Italy imposes its harshest new restrictions since the spring as the nation registers a record high number of new coronavirus cases.
Italy has imposed fresh restrictions including the closures of bars and restaurants at 18.00 to curb a second wave of covid-19, with a record 19,644 new coronavirus cases registered yesterday, 24 October.
The latest decree, whose contents were outlined today in a televised address by premier Giuseppe Conte, are effective from midnight tonight until Tuesday 24 November.
The new restrictions, agreed in collaboration with regional authorities, seek to further limit social contacts and gatherings of people, particularly at night.
However the decree does not impose a nationwide curfew or lockdown, with shops and most businesses to stay open.
Conte has repeatedly insisted that he wants to avert a blanket national lockdown, saying it would wreck the already fragile economy.
Bars, pubs and restaurants
From tomorrow, bars, pubs, restaurants, ice cream parlours and pastry shops must close every day at 18.00, with restaurants permitted to sell takeaway food until midnight.
Premises serving food and drink may open between 05.00 and 18.00. It is also forbidden to consume food and drinks in public places after 18.00.
There is a new "rule of four" for restaurants, with a maximum of four people per table, unless they are co-habiting.
Parties following religious or civil ceremonies, including weddings, will be banned.
Gyms, pools, bingo halls
The new anti-covid restrictions will close gyms, swimming pools, spas, wellness centres, casinos, betting shops and bingo halls.
Cinemas and theatres
The decree shuts all cinemas, theatres and concert halls, however museums will remain open, under strict visiting rules.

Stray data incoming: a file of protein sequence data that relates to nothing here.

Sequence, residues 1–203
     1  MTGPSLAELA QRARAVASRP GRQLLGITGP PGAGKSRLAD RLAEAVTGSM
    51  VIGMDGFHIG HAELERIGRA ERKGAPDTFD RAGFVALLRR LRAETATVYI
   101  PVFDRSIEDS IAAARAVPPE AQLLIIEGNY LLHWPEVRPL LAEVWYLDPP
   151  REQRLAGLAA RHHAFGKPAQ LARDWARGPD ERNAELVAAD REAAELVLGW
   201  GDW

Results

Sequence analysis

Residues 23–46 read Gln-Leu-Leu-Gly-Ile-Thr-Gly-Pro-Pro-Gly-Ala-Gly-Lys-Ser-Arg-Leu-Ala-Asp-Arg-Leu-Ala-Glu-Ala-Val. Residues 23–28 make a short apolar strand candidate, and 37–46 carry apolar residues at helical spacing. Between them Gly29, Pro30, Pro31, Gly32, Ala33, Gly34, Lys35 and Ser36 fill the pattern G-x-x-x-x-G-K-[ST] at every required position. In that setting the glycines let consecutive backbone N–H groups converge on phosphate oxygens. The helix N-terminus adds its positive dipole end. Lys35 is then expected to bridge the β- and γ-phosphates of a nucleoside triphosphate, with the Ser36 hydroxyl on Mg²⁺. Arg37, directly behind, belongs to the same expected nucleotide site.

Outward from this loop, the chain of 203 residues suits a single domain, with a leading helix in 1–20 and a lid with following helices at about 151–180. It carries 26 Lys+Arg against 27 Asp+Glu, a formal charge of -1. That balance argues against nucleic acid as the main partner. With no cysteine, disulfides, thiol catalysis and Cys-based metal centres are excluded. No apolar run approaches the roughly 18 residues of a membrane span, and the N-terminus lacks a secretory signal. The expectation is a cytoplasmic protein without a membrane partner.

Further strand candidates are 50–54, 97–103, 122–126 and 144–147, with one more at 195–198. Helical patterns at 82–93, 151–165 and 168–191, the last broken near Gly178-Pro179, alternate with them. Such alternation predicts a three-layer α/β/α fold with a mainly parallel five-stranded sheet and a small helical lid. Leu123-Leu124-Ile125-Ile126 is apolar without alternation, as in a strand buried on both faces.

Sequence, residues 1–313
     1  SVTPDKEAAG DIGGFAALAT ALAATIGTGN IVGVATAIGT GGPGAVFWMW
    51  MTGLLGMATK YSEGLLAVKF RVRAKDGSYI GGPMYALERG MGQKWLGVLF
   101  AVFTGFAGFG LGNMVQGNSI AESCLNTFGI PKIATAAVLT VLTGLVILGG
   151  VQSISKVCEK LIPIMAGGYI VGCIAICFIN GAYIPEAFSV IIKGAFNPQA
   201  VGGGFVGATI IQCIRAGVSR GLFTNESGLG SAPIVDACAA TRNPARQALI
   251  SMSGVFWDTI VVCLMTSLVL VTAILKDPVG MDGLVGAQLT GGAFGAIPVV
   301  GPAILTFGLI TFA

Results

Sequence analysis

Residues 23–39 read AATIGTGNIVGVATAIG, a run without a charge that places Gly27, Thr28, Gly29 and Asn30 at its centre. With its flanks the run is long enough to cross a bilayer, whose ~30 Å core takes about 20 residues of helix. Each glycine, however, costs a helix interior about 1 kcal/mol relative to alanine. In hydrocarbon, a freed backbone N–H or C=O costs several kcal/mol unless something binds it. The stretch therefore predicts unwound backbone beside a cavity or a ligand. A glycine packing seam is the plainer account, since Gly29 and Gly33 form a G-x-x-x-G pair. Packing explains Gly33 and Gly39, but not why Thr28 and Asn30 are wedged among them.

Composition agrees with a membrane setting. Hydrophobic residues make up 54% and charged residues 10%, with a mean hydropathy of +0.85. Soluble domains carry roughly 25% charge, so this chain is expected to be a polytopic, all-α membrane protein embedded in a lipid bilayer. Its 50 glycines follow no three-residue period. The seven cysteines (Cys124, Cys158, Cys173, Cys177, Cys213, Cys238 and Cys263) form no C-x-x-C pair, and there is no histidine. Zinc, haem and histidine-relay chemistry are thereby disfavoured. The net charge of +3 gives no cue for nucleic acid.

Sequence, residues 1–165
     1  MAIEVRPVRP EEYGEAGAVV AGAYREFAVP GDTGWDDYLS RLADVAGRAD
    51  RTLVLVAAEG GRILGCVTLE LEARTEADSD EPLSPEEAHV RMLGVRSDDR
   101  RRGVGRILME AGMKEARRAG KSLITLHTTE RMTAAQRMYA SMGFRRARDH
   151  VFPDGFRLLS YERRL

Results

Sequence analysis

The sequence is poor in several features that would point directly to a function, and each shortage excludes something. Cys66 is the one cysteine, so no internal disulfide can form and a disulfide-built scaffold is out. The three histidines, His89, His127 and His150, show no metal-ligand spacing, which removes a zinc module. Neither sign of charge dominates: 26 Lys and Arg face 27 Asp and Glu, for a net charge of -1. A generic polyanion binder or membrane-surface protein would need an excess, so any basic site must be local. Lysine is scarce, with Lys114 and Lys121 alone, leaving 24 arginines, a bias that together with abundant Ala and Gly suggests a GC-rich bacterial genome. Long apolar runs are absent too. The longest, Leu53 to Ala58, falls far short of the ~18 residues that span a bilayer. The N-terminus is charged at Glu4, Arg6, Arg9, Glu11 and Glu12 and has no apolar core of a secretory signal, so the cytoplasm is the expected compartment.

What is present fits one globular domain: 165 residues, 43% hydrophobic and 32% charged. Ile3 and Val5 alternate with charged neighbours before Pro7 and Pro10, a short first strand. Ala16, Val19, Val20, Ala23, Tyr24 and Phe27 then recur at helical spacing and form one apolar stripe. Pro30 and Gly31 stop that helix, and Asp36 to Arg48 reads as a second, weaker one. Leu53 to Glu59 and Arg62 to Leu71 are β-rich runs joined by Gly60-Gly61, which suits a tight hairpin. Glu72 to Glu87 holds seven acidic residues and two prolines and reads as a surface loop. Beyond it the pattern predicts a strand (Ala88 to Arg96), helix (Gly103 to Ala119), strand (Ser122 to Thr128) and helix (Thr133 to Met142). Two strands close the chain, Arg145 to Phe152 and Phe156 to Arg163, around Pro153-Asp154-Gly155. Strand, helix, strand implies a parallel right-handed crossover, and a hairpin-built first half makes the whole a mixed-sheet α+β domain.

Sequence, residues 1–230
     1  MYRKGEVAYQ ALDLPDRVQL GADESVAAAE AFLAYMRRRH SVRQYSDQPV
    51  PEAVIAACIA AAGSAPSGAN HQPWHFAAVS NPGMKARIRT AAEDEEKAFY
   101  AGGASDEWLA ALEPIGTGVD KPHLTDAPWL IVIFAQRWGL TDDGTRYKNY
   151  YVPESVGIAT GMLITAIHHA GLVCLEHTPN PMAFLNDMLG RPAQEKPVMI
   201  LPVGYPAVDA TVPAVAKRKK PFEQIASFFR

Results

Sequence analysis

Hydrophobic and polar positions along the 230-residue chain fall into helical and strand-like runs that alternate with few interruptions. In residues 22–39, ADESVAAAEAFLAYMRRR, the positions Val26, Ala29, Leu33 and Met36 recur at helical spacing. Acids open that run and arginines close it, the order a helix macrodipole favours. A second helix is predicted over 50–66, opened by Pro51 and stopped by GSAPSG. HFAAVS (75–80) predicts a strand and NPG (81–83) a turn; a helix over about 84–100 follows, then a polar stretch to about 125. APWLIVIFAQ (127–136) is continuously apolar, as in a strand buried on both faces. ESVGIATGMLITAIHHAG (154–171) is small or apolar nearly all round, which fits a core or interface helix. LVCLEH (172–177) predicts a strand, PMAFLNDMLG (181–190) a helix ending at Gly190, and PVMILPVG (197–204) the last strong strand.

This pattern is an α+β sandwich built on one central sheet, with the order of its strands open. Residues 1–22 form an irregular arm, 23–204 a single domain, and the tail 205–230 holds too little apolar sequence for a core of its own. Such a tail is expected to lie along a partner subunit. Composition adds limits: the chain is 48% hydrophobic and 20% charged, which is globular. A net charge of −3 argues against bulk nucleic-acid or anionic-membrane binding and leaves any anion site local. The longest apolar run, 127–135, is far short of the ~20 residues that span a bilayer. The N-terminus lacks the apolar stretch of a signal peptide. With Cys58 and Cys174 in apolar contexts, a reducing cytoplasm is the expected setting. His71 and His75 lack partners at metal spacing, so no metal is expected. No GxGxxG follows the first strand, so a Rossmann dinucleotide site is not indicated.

The decree includes the "strongly recommendation" for people "not to move, by public or private transport, except for work, study, health reasons, for situations of necessity, to carry out activities or use services that have not been suspended."
There remains, therefore, free movement between Italy's regions.
Kindergartens, elementary and middle schools in Italy will remain open for face-to-face lessons however high school students are to receive "at least 75 per cent" of their lessons via remote teaching.
Smart-working will also be encouraged as much as possible.
Curfews in Italian regions
Overnight curfews have been ordered by local governors in the regions of Campania (Naples), Lazio (Rome) and Lombardia (Milan), with similar measures expected in other regions in the coming days.
On the night of 23 October, crowds of protestors in Naples clashed with police over the curfew and the prospect of lockdown as threatened by Campania governor Vincenzo De Luca.
This was followed last night by violent clashes in Rome, in protest over the city's midnight curfew.
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